NightCulture (NGHT): a divergence of price and results

My smallest position, at 4% of my portfolio, is a company called NightCulture (NGHT) which produces electronic dance music concerts in Texas. That is a weird little niche, no?

This was an idea I picked up from iHub user otcbargains on his Undervalued Penny Plays message board. The investment is down 18% since I bought at $0.045 in mid-September, but the thesis has not changed at all.

Basically, NightCulture’s financial results have been steadily improving over the past couple of years, while its stock price has retreated and plateaued over the same timespan. Results have continued to improve in 2014, but you will not see that reflected in the price.


NGHT - Historical Results

Source: Google Finance… Fiscal years, ending Dec 31


NGHT - Stock Chart

 (Note the pop to $0.10+ twice in the past year — indicating a propensity to run.)


It is imperative that anyone investing in NightCulture read Matt Finston’s October 9 article: NGHT’s Q3 Should Show 50% Yoy Growth, as well as his earlier NGHT articles on Seeking Alpha. Matt predicted Q2 revenues to within 1% and his work on NGHT has been a great example of terrific “amateur” analysis. As far as I know, no analysts cover NGHT, a $2.4M market cap company.

The Something Wicked Festival

The Something Wicked Festival (source: Facebook)

NightCulture’s premier event every year is the 2-day festival Something Wicked, which takes place in Q4, around Halloween.

On a funny side note (funny to me, at least), this festival is held at Sam Houston Race Park, which is jointly owned by Penn National Gaming (PENN) and Maxxam Inc. (MAXX). Maxxam is a highly illiquid stock that was profiled by Nate Tobik in January 2014, in an article that I found highly intriguing: Maxxam, unbelievably cheap at 27% of BV and potentially 2x earnings. But that is nothing more than an “odd” connection between two microcaps.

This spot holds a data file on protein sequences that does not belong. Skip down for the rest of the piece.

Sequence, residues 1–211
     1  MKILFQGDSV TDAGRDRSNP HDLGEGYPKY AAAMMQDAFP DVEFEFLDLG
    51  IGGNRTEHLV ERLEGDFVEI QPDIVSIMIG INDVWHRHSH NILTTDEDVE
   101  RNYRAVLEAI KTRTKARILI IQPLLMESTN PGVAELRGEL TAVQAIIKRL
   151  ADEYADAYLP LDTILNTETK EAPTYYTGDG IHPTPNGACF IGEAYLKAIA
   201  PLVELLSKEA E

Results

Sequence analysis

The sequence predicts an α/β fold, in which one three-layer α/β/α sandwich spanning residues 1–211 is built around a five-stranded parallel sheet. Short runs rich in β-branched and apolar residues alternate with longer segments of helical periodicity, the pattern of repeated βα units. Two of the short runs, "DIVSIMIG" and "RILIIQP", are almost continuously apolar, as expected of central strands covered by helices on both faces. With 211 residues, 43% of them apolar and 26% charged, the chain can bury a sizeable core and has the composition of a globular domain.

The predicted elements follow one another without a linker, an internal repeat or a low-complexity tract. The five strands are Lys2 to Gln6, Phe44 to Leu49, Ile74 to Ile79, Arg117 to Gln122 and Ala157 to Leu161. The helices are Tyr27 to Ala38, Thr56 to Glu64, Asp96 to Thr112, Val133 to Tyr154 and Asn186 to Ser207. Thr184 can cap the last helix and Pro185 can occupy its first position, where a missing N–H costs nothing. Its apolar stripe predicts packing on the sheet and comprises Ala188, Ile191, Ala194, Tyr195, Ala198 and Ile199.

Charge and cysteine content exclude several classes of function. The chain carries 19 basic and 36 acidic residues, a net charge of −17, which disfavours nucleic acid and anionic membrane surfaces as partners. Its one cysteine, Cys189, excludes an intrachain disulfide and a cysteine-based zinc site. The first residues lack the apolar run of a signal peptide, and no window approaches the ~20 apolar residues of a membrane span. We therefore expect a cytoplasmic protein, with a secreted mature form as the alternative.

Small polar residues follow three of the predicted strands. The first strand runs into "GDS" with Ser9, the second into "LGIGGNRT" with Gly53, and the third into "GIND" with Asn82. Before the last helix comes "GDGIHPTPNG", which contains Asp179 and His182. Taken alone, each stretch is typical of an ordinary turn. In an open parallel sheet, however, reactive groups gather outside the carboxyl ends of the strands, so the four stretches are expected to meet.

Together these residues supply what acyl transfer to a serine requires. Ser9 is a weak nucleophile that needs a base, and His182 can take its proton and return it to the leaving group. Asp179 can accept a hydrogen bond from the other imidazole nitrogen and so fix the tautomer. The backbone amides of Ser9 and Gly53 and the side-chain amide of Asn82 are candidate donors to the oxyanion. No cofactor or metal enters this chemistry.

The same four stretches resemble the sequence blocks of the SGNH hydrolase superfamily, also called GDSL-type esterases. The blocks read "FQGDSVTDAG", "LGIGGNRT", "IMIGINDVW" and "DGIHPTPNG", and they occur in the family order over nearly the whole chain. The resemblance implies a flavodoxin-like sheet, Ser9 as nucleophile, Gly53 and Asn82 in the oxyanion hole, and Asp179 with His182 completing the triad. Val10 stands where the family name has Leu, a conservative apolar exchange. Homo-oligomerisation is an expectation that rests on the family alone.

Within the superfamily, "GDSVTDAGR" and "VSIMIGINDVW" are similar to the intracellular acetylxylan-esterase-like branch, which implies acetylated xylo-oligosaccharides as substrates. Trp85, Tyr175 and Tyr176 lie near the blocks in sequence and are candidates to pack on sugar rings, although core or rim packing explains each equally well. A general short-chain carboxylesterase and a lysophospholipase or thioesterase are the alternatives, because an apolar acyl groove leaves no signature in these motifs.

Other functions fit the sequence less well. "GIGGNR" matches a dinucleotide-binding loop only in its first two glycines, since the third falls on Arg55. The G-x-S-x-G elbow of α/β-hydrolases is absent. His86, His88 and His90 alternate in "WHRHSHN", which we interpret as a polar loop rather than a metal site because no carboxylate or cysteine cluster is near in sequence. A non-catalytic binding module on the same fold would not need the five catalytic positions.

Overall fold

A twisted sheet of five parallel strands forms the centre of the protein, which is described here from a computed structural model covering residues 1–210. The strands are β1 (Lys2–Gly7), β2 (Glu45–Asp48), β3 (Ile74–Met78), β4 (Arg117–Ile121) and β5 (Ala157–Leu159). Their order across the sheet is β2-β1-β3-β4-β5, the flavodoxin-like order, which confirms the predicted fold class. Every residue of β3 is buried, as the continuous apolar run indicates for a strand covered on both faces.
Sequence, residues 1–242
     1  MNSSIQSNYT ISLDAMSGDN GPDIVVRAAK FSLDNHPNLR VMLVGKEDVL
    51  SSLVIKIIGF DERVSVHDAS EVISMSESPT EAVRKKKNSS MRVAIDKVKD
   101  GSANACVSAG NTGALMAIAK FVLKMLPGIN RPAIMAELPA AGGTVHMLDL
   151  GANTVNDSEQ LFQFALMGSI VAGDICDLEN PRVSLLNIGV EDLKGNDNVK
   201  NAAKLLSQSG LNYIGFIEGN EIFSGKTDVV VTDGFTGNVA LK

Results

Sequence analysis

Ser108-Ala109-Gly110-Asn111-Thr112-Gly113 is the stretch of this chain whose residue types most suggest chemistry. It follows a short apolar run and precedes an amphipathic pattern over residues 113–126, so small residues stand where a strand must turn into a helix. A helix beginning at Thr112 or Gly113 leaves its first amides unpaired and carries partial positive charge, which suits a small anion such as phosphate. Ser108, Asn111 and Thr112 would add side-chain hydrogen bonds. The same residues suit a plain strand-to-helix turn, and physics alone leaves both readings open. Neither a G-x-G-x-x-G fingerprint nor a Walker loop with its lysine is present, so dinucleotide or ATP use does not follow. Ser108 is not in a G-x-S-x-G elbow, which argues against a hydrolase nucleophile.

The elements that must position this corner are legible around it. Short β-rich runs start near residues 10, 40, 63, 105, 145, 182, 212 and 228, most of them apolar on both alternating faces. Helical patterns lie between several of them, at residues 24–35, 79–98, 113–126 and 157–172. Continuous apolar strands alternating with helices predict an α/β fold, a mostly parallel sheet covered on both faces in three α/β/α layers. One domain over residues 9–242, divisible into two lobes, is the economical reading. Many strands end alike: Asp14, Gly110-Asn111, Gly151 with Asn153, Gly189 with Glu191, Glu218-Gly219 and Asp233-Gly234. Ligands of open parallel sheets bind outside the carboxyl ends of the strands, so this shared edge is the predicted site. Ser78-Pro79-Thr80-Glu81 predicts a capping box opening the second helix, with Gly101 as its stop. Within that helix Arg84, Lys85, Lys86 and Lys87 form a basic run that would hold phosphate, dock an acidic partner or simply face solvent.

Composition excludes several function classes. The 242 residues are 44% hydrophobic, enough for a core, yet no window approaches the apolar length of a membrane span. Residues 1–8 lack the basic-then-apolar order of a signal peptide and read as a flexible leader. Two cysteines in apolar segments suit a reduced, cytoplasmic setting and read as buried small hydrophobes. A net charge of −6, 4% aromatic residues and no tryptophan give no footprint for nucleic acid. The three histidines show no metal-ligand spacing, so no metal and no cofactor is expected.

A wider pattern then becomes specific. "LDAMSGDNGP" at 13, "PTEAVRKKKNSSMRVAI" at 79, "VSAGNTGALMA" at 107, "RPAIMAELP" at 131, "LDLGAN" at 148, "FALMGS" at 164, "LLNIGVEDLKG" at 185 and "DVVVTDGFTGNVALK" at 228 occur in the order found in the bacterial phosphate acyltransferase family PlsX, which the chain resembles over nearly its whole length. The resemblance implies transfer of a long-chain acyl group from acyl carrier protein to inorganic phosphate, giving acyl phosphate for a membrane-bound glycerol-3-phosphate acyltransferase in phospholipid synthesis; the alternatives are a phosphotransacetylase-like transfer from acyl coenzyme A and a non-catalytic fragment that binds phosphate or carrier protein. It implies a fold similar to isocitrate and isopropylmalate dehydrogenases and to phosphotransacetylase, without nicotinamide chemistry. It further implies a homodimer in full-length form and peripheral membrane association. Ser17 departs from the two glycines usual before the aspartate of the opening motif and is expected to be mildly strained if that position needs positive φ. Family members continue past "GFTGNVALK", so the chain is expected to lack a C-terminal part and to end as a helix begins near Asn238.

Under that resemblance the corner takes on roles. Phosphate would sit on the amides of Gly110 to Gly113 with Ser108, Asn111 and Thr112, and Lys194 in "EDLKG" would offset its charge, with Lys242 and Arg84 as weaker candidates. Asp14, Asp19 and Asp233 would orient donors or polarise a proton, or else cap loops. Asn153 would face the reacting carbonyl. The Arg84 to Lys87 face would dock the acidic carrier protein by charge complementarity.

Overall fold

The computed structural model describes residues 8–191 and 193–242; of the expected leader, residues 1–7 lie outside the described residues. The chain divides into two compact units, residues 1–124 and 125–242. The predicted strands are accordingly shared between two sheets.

Anyway, I have not gone into much detail on NGHT here, but I still wanted to put the idea out. I did not do as deep an analysis as I would normally do before I took my position, as I liked the juxtaposition of a sagging/unreactive stock price with improving results and thought Finston had a good bead on the company.

I believe that the bear case revolves around NGHT’s convertible debt, the potential for drug-related deaths at shows, and just the fact that this is a tiny publicly traded company. I should do more research into the convertible debt but have figured any potential dilution was outweighed by the rapid growth and cheap price of the stock here.

As always, time will tell if this was a good buy, and microcaps in particular can throw one for a loop at anytime (or burst upwards).

If I have any further insights, I’ll post a follow-up article.


Disclosure: NGHT is $0.0368 at the time of this writing and I am long.

Nat Hunt

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